Extension offers online tools for small-scale cheese-makers
UNIVERSITY PARK — When it comes to artisanal cheese-making, Pennsylvania is not Vermont, concedes Kerry Kaylegian, but the dairy foods Extension specialist in Penn State’s College of Agricultural Sciences is doing what she can to put the Keystone State on the cheese-making map.
The commonwealth has about 50 small-scale cheese-making operations — many that often turn out high quality cheese with distinctive tastes — Kaylegian noted, but most struggle with achieving product consistency. So she developed the “Penn State Cheese Tracking System” to guide them.
Funded by a grant from the Northeast Sustainable Agriculture Research and Education program of the U.S. Department of Agriculture, the system consists of customizable documents and spreadsheets to record, track and evaluate data for milk composition and quality, the cheese-making process, processing after the initial cheese-making day, cheese chemical composition, and cheese sensory characteristics.
The Penn State Cheese Tracking System is designed to help small-scale cheese-makers follow and document the quality and consistency of their cheese, said Kaylegian, who judges national cheese contests and was instrumental in starting an annual cheese contest four years ago at the Pennsylvania Farm Show in Harrisburg.
“By defining and monitoring measurable parameters, cheese-makers can understand how variation in raw materials and processes can impact the sensory characteristics and quality of their cheese,” she said. “This information can help them adjust their practices to consistently make better cheese.”
Kaylegian, who has conducted dairy research for nearly three decades, said she and Penn State Extension are trying to help small-farmstead cheese-makers because they often lack the personnel and resources to track important information related to production. The two or three people who work in a small cheese plant may also be running a small dairy farm, she explained.
“Sometimes they don’t have the time to put together a cheese quality system that you might see in a bigger company. The smaller cheese-makers don’t have a production department, a quality department, and a research and development department — in the smaller operations you have a few people doing everything,” she said “They produce a poor batch of cheese — or an exceptional batch — and they may not be sure exactly how they did it. I realized that there are a lot of things that I took for granted about cheese-making in working with some of the bigger companies that these guys just do not have time to record.”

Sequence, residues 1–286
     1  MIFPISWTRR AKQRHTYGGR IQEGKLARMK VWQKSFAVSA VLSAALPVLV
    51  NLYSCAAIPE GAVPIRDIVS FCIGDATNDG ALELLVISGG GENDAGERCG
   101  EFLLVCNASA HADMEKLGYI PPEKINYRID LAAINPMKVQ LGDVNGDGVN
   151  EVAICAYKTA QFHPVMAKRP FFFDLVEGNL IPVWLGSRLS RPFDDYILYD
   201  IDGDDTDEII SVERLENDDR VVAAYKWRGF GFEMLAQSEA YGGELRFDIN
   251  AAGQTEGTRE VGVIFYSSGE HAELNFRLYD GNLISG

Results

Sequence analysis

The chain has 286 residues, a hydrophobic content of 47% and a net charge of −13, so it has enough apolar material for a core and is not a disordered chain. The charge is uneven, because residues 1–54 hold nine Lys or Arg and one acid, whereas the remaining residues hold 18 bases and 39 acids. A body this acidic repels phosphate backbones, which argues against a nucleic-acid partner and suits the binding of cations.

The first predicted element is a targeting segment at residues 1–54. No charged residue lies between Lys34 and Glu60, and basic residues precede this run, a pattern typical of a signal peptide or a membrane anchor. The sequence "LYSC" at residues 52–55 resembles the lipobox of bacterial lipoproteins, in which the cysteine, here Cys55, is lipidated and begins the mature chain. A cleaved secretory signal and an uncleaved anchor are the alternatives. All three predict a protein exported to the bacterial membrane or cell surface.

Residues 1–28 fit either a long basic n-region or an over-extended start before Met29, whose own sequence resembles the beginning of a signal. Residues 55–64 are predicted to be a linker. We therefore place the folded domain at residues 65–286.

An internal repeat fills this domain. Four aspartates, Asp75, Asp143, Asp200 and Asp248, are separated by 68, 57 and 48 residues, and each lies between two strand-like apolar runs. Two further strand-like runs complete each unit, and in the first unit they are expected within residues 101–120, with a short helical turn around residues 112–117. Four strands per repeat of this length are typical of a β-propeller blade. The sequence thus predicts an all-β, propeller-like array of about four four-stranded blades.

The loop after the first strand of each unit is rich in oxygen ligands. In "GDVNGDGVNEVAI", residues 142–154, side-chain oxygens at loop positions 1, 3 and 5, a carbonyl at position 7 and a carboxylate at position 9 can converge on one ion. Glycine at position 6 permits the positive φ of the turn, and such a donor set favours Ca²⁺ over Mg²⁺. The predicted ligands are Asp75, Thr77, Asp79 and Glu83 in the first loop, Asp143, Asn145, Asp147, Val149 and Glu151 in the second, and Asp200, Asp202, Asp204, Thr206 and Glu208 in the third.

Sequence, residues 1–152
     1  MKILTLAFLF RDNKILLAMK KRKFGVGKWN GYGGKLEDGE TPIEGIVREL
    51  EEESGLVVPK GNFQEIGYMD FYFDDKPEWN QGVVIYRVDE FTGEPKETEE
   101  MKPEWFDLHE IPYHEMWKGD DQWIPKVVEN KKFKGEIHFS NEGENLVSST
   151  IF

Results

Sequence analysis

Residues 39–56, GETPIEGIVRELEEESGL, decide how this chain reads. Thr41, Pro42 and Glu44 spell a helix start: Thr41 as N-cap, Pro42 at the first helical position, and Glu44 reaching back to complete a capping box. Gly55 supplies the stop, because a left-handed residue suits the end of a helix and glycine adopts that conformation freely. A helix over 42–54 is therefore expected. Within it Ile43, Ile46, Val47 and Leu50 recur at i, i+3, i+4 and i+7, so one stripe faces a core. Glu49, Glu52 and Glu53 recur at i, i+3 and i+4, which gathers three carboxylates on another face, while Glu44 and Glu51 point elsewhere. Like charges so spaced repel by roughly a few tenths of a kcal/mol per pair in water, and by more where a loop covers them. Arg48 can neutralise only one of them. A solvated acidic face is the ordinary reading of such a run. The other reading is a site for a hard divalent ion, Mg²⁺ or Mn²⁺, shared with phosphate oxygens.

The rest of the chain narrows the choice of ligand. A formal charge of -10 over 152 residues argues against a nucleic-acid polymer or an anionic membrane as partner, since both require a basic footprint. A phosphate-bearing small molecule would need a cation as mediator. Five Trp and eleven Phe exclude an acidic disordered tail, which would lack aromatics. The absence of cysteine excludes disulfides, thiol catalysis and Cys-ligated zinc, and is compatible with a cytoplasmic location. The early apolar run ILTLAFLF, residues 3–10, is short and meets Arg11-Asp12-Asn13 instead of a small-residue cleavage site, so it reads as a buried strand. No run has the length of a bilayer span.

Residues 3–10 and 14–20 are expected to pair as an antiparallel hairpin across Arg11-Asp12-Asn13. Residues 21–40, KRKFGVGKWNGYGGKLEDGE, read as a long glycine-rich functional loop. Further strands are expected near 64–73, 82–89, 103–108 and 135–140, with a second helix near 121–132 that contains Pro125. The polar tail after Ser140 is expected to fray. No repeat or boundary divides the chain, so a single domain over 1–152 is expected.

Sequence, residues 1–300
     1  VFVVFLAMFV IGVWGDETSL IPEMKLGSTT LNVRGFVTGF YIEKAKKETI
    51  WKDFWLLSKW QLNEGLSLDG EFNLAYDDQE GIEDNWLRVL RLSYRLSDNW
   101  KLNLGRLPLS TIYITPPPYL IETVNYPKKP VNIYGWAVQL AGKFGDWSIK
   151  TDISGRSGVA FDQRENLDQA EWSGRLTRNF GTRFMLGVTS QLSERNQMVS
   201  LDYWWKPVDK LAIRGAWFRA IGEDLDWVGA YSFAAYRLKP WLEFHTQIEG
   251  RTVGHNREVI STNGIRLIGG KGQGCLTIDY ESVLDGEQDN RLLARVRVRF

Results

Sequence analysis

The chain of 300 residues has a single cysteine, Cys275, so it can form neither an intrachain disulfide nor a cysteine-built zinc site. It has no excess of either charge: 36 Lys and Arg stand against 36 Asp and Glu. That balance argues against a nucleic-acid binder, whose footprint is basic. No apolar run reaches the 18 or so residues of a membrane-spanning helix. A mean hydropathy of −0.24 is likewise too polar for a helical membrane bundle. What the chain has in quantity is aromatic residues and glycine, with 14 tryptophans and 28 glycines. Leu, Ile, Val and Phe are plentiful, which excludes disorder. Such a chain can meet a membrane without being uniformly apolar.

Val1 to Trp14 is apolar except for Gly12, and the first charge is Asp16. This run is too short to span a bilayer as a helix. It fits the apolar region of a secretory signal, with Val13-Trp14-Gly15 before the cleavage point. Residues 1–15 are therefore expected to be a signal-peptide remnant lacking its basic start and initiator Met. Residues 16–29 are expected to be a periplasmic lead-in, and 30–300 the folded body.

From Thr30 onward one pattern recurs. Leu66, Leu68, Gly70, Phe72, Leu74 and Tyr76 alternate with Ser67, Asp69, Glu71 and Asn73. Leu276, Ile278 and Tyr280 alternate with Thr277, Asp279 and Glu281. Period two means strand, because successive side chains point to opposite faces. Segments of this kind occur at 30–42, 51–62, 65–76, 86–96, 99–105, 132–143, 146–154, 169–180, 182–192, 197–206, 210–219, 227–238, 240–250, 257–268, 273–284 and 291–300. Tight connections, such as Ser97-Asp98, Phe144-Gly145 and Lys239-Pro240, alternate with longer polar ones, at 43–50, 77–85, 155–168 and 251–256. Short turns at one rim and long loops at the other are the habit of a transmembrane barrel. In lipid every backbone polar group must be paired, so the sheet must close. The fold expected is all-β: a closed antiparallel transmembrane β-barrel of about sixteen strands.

Kaylegian worked with three small-scale cheese-making operations to develop the Penn State Cheese Tracking System. She thanked Birchrun Hills Farm, Caputo Brothers Creamery and Hidden Hills Dairy for their participation in the study that led to the system, which was presented during the 2017 American Cheese Society conference in Denver. Lisa Caprera, who graduated with a degree in food science earlier this year, also was involved in the research.
The system was created using Microsoft Word and Excel to provide templates that can be customized by each cheese-maker based on his or her needs. The formats of the templates vary depending on their purpose. Some of the Excel worksheets contain columns that automatically calculate measurements of interest, and some have tables that automatically create graphs to aid in visualizing data trends.
The Penn State Cheese Tracking System can be found online at https://extension.psu.edu/cheese-tracking-system.
A variety of online, noncredit courses for the public recently have been unveiled on Penn State Extension’s new website, https://extension.psu.edu, which provides a wealth of educational experiences and resources for the professionals and community members served by Extension. The new web experience allows consumers to access educational articles, videos, online courses and publications at their convenience, and to register for regional, in-person workshops and online webinars on a variety of subjects.